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Comment: The item shows wear from consistent use, but it remains in good condition and works perfectly. All pages and cover are intact (including the dust cover, if applicable). Spine may show signs of wear. Pages may include limited notes and highlighting. May include "From the library of" labels.
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There Was a Little Girl: The Real Story of My Mother and Me Hardcover – November 18, 2014

4 out of 5 stars 610 customer reviews

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Editorial Reviews

Amazon.com Review

An Amazon Best Book of the Month, November 2014: In her previous memoir, Down Came the Rain, Brooke Shields described her post-partum depression so frankly and powerfully, she probably helped a lot of women, even if she did annoy fellow actor Tom Cruise, who disputed Shields’ contention that anti-depressants are helpful. The only person she might have upset with her new memoir, however, is her late mother, Teri Shields, who, on almost every page, is outed as a serious alcoholic and “a tough broad who could fight.” (Ok, onetime boyfriend, Liam Neesen doesn’t come off so great, and ex-husband Andre Agassi isn’t going to be thrilled, either—but at least Brooke was nicer to the latter than he was to her in his memoir, Open.) Still, Shields-the-daughter also praises the complicated working-class beauty she both adored and abhorred—sections about Teri fighting for her minor daughter’s rights while on the New Orleans set of “Pretty Baby” live next to suggestions that Teri might have chosen the hotel the family stayed in because of its proximity to a favorite bar. As an adult, Brooke (who as a child called legendary fashion photographer Francesco Scavullo “uncle Frankie”) rotated between estrangement from and reconciliation with her mother; today, she thinks plenty about their relationship as she and writer/producer Chris Henchy raise their two daughters. In other words, what could have been a next-generation Mommy Dearest becomes something else: a (sometimes painfully) frank account of growing up in a seriously privileged but painfully dysfunctional family and how one might possibly break such a cycle. –Sara Nelson

Review

Praise for There Was a Little Girl

“Shields writes with considerable reflection; she's done the hard work of making sense of the contradictions in her mother, and now we get the benefit of her sharing what she's learned.” -- Kirkus Reviews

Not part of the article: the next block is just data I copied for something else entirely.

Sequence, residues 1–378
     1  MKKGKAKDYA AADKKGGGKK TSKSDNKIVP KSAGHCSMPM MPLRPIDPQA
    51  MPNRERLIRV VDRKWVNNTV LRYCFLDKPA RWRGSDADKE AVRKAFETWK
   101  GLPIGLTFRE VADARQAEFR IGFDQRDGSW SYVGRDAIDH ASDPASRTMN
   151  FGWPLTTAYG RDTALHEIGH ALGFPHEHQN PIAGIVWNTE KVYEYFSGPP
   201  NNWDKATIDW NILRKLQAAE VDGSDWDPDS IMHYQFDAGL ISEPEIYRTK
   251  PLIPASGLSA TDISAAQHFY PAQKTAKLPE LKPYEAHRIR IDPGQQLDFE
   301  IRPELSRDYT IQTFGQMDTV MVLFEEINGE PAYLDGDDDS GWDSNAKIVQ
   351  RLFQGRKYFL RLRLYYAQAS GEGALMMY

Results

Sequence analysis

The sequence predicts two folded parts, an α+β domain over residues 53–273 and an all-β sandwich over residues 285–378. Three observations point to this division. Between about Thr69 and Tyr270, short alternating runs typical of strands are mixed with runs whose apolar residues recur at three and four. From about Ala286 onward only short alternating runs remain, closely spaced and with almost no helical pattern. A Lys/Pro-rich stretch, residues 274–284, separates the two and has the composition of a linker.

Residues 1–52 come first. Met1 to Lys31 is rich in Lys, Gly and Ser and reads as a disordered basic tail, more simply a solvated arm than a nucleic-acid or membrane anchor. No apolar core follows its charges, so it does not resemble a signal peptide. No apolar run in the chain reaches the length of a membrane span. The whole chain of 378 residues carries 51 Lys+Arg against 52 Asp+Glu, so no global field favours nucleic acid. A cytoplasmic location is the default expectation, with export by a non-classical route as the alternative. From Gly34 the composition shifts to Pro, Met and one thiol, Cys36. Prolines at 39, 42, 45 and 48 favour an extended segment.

"[A] well-crafted and insightful read from beginning to end...a thoughtful poignant and provoking story about a girl and her mom...a remarkably clear-eyed examination." -- Associated Press

"This story of Brooke's career as a model and actress unfolds from the perspective of an adult child of an alcoholic. Her voice in this memoir is unguarded and raw and deals head-on with the damage alcohol causes in intimate relationships. For a celebrity of her stature to write so honestly and intelligently about emotion wounds is a refreshing change. The book will appeal not only to Shields fans, but also to readers who seek out memoirs about surviving dysfunctional families. Brooke Shields is still our sister, just more real and imperfect." -- BookPage

"A raw, honest tale of a mother and daughter that will appeal not only to celebrity watchers but mothers and daughters." -- Library Journal
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Product Details

  • Hardcover: 416 pages
  • Publisher: Dutton; First Edition edition (November 18, 2014)
  • Language: English
  • ISBN-10: 0525954848
  • ISBN-13: 978-0525954842
  • Product Dimensions: 6.3 x 1.4 x 9.3 inches
  • Shipping Weight: 1.4 pounds (View shipping rates and policies)
  • Average Customer Review: 4.0 out of 5 stars  See all reviews (610 customer reviews)
  • Amazon Best Sellers Rank: #84,529 in Books (See Top 100 in Books)

Customer Reviews

Top Customer Reviews

Format: Hardcover Verified Purchase